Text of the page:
Kilometer 6 to 10: The trail became a bit easier but was now running in a dry riverbed, or a ravine. It wasn’t that steep anymore but the ground was still extremely uneven and it was hard to always stay focussed on the next step. I walked through some muddy and especially rocky parts and used those moments to drink some Isostar. I still felt fresh and full of energy, although the temperature made it a bit harder to keep my pulse low. No surprise, considering that I ran the whole winter in temperatures around freezing.

Kilometer 11 to 13: The trail became a wider dirt road again and the first buildings came in sight. I started to feel a bit tired in my legs but also thought that there wasn’t a lot of time left before I would reach the finish line.

Kilometer 14: This was the point where it all went wrong. I was running through an old concrete ravine with loose rocks and bits of asphalt, when I misjudged the height of a big stone and fell full force. Fortunately I could brake my fall with my hands, otherwise I would have probably cracked some teeth and my nose. Still, the impact was quite hard and both knees and the palms of my hands started to bleed immediately. Two runners that were directly ahead of my turned around to help me up. I knew they wanted to be friendly but I don’t really know how to answer the question “are you okay?” when I’m still full with adrenaline and in shock. I took a quick look at my knees and decided that it would be possible to finish the race.

Kilometers 15 to 17: On the last kilometers the course was no trail but mostly asphalt but I couldn’t turn this advantage into a faster pace. Somehow the fall and the pain just drained my energy and I  wanted to stop running. I passed the last aid station and a friendly volunteer stopped me to wash the dirt out of my knees. After that I jogged and walked in intervals but couldn’t find my way back into a comfortable pace. Closer to the finish line the number of spectators increased and everybody looked at my bleeding legs. To be honest that gave me quite some anxiety because I couldn’t really feel what was wrong with my body. The last couple of hundred meters into the finish were just incredible, cheering people everywhere, loud music, spectators taking pictures and a speaker commenting on the incoming finishers.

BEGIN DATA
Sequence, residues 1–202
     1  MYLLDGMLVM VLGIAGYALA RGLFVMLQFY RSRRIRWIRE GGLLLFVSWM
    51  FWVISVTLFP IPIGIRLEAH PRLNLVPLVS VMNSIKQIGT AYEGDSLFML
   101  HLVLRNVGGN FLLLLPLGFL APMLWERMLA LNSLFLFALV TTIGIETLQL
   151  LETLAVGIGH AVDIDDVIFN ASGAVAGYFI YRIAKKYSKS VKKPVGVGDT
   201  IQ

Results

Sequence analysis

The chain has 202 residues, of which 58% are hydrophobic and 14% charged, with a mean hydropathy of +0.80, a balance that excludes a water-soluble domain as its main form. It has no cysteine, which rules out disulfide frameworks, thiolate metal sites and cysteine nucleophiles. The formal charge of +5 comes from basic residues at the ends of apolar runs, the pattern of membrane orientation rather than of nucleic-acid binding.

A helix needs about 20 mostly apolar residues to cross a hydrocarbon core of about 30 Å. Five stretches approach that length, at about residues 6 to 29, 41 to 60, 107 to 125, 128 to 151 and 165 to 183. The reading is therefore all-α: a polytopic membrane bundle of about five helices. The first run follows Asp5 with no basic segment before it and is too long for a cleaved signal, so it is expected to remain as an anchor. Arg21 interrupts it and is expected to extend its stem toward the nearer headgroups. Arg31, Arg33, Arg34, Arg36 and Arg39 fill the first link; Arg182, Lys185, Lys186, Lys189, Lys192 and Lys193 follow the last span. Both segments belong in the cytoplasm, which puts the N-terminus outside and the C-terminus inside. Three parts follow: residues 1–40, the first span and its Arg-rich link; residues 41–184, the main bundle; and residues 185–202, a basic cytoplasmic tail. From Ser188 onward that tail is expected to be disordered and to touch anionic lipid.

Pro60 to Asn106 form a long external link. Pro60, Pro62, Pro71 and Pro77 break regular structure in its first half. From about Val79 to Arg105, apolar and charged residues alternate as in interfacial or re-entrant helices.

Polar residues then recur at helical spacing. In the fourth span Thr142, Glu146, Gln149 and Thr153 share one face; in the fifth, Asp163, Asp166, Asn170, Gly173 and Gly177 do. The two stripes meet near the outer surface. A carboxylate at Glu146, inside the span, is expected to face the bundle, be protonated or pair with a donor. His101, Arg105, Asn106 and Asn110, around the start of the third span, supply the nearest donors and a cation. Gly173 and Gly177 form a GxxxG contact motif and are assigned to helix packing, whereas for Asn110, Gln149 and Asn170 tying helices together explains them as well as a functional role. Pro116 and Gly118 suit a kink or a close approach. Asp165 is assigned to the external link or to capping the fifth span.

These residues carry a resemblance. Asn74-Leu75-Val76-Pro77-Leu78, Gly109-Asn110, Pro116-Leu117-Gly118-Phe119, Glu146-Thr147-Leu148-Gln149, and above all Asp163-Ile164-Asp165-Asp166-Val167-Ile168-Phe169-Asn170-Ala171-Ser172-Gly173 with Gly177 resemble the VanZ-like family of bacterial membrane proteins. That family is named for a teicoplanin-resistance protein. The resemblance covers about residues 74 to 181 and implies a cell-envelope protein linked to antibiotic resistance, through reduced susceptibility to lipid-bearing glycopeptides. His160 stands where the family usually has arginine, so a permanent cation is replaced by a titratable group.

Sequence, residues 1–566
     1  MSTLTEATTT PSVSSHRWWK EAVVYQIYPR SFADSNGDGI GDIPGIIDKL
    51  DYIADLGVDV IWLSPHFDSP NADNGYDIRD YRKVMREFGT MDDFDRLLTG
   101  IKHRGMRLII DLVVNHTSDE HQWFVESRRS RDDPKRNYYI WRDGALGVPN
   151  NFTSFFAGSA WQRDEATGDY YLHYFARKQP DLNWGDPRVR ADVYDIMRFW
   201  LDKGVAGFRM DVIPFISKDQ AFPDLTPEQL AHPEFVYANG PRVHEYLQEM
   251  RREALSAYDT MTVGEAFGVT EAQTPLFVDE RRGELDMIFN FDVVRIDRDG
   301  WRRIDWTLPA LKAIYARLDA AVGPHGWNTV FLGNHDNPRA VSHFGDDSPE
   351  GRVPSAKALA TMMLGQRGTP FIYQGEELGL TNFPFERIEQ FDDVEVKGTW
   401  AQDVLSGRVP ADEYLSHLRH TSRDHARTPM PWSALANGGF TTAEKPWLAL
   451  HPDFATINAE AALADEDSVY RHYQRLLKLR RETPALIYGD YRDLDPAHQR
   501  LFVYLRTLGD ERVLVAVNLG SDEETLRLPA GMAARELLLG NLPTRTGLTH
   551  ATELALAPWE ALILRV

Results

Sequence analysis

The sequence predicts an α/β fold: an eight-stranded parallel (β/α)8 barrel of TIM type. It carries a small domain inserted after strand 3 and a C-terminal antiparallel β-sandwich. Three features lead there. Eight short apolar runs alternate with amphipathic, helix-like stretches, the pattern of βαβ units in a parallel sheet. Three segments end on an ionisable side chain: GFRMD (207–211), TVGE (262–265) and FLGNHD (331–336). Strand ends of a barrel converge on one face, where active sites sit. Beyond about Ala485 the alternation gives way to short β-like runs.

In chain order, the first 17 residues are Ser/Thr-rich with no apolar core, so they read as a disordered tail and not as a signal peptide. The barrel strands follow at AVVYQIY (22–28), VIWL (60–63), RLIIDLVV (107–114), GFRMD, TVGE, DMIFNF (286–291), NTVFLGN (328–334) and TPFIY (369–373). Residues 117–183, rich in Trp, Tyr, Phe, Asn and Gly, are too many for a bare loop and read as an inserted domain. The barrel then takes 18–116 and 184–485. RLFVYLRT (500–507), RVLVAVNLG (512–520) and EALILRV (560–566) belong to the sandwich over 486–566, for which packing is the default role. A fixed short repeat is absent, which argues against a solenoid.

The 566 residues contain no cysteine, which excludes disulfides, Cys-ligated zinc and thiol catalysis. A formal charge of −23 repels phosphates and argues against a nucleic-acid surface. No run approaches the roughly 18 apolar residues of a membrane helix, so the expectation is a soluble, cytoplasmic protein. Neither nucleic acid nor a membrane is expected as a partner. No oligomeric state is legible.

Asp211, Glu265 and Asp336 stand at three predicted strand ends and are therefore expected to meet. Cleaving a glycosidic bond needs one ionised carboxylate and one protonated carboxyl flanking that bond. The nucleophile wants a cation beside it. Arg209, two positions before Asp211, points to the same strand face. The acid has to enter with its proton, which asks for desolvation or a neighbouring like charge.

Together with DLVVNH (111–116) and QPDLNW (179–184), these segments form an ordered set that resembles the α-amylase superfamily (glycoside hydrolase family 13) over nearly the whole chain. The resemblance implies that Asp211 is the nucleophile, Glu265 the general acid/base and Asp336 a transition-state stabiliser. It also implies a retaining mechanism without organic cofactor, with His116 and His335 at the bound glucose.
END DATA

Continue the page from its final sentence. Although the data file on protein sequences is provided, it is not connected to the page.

After the finish: I received my participants medal and immediately a volunteer brought me to the medical tent, where they cleaned my hands and knees and closed the deeper cuts with dermal adhesive (which is a more modern form of suture). After that I finally got to relax a bit and lied down in the grass to check on my phone how my husband and some other runners were doing.

I figured out that I came 36th out of 137 female participants, which is really quite good for me. My official finishing time was 02:12:21 for 17,4 km. And the terrain was really not easy, even if the bigger part of the race went downhill.

The morning after. I can hardly bend my legs to sit down.




Overall I can say that I really enjoyed the race and got to know a lot of amazing people. All the volunteers were super friendly and helpful and the event was extraordinarily well organized. This will definitely not be the last time for me on Gran Canaria or in this race!

Now we are lucky enough to get to spend some more days here to relax and recover!